A shopper marketing agency, that works on helping sales outlets, through various marketing techniques, to
optimize the shopping experience of their customers, and influence them at the point of decision, to gener-
ate more sales.

Multilane (Lebanon/Global)
A technology company that focuses on designing and developing instruments for testing and characterizing
optical communication equipment and optical infrastructure equipment.

Body & Soul (Lebanon/Regional)

Manufactures and exports natural and organic personal care products with a focus on regional tastes and

Droid Shield (UAE/Global)

See story page 23

HAYATI Commercial Brokers (UAE)

Provides patients with innovative online financing solutions to pay for elective healthcare procedures. The
first online patient financing company in the Middle East.

Falafel Games (Hong Kong/Regional)

Designs and produces Arabic-content online games for the MENA audience, with a focus on producing
massively-multiplayer-online (MMO) games, with themes derived from Arab culture and history.

Supported by Berytech

New technology for teaching science

Technology to easily share and create panoramas

Active Identity
MENA RFID (Radio Frequency Identification – electronic tags) solutions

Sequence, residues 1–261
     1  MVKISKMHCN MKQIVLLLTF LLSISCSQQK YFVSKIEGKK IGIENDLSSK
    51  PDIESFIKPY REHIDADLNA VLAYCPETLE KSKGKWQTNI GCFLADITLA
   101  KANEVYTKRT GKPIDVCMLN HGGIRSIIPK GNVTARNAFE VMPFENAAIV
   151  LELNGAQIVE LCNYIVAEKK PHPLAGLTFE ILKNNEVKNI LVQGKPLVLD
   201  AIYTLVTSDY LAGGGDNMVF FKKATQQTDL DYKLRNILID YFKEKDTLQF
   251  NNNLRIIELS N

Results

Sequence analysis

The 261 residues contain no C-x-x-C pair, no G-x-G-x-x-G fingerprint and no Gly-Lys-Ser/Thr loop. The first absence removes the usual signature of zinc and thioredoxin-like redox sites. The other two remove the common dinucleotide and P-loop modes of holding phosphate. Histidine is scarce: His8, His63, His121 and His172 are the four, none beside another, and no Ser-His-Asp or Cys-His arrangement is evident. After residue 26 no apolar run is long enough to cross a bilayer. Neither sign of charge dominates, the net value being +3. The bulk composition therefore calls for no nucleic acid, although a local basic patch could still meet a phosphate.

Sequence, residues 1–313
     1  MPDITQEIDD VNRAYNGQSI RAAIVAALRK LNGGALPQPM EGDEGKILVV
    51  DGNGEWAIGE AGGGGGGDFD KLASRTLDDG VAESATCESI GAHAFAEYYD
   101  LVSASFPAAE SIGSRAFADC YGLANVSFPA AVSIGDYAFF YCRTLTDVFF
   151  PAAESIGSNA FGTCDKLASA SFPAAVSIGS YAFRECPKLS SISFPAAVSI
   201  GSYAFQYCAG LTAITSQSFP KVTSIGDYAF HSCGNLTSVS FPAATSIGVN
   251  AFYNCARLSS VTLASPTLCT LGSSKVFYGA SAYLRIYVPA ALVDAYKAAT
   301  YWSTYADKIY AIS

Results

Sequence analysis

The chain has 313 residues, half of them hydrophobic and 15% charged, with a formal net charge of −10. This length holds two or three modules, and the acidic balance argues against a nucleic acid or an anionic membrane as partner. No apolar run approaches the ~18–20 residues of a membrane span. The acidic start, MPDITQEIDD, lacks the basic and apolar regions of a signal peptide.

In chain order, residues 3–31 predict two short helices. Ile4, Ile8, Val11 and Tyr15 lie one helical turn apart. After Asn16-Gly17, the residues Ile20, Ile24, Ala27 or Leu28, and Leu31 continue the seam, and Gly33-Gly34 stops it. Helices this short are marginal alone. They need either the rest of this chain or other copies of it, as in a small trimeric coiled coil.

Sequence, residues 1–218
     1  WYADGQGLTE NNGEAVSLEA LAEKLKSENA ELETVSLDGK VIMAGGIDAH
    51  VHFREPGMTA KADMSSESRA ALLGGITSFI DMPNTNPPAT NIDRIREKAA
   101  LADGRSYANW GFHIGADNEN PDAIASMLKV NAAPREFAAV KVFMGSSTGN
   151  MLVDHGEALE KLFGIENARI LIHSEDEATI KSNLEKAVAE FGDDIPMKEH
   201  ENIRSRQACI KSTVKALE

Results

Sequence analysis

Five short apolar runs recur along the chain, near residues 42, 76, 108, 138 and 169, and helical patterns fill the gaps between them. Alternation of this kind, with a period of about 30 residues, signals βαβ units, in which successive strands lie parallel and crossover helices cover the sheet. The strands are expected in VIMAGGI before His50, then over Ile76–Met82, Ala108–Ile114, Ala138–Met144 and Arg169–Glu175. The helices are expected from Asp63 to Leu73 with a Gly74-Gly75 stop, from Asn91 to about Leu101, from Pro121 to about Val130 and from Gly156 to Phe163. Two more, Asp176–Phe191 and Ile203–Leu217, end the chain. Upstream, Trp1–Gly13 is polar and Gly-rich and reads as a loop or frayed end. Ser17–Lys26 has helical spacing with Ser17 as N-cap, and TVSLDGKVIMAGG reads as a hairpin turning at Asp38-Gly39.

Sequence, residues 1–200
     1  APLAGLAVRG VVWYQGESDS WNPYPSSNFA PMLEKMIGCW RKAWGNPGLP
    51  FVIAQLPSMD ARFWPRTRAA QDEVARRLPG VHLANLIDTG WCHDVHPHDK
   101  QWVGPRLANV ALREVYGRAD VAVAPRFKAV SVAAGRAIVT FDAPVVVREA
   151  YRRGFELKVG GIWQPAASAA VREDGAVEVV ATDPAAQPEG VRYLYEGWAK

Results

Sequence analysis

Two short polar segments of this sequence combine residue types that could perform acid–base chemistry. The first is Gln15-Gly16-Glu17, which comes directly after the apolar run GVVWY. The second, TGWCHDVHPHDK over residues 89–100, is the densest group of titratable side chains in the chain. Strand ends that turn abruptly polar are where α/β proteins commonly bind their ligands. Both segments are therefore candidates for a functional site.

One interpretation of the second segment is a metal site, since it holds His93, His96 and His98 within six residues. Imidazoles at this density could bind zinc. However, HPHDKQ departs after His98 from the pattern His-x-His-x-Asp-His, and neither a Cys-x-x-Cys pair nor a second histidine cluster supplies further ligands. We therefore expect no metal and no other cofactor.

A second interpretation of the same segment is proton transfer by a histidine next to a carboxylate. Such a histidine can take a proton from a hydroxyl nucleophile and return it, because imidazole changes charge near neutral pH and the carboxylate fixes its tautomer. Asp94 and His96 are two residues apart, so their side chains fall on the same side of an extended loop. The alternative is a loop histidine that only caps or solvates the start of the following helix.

Element N
See story page 24
page 29 vii > STORIES & EXAMPLES

More Examples Supported by IV Holdings

Veeceepreneurs Jeeran
One of the leading user-generated content portals in the Arab world

Content Syndicate

Media Scope
A media marketing company

The Arab world’s first television guide to centralize the program listings for 400 of the most popular satellite
channels and distribute them through the web, syndicated print media and mobile phone services

A Jordan-based pioneer in Arab social gaming

An online payment/support platform geared toward the Arab gaming segment

IdealRatings provides Shariah screening, purification and fund management services for financial institu-

Supported by Accelerator Technology Holdings

Leading Regional Digital Media Animation and Production House with Global footprint

Cidway Security
Developer and Solution Provider for Mobile Financial Transactions and Authentication

Radio Business with operations in Jordan and regional expansion/consolidation strategy

Leading Regional Systems Integrator with core competence among Telcos and Financial Services

Mobile Data Centers Solutions Provider
page 30 vii > STORIES & EXAMPLES

More Examples Supported by Siraj Capital

Veeceepreneurs Salata
First company in MENA to use automated hydroponics technology to grow salads in the desert

Lomar Thobe

Supported by Tuninvest-AfricInvest

An engineering school created in 2002 as an alternative to public schools in Tunisia. Thanks to an active